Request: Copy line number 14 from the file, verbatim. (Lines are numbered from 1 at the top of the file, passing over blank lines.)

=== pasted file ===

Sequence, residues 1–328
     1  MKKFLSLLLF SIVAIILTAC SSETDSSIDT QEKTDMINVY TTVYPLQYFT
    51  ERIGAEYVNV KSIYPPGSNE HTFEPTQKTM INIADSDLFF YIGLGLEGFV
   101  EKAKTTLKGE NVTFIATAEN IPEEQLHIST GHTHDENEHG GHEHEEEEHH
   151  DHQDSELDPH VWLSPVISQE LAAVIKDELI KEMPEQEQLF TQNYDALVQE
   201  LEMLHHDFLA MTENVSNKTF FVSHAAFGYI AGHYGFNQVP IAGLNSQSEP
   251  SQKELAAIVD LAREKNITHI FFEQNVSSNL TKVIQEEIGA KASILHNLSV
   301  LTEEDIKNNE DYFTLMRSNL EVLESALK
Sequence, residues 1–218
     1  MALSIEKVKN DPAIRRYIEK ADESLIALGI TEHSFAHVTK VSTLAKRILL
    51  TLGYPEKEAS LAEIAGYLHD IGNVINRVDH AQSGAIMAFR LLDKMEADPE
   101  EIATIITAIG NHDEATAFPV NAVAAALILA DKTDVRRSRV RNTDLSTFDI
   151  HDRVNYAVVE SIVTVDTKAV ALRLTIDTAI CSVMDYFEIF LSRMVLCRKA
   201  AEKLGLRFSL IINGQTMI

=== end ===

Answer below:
   201  AEKLGLRFSL IINGQTMI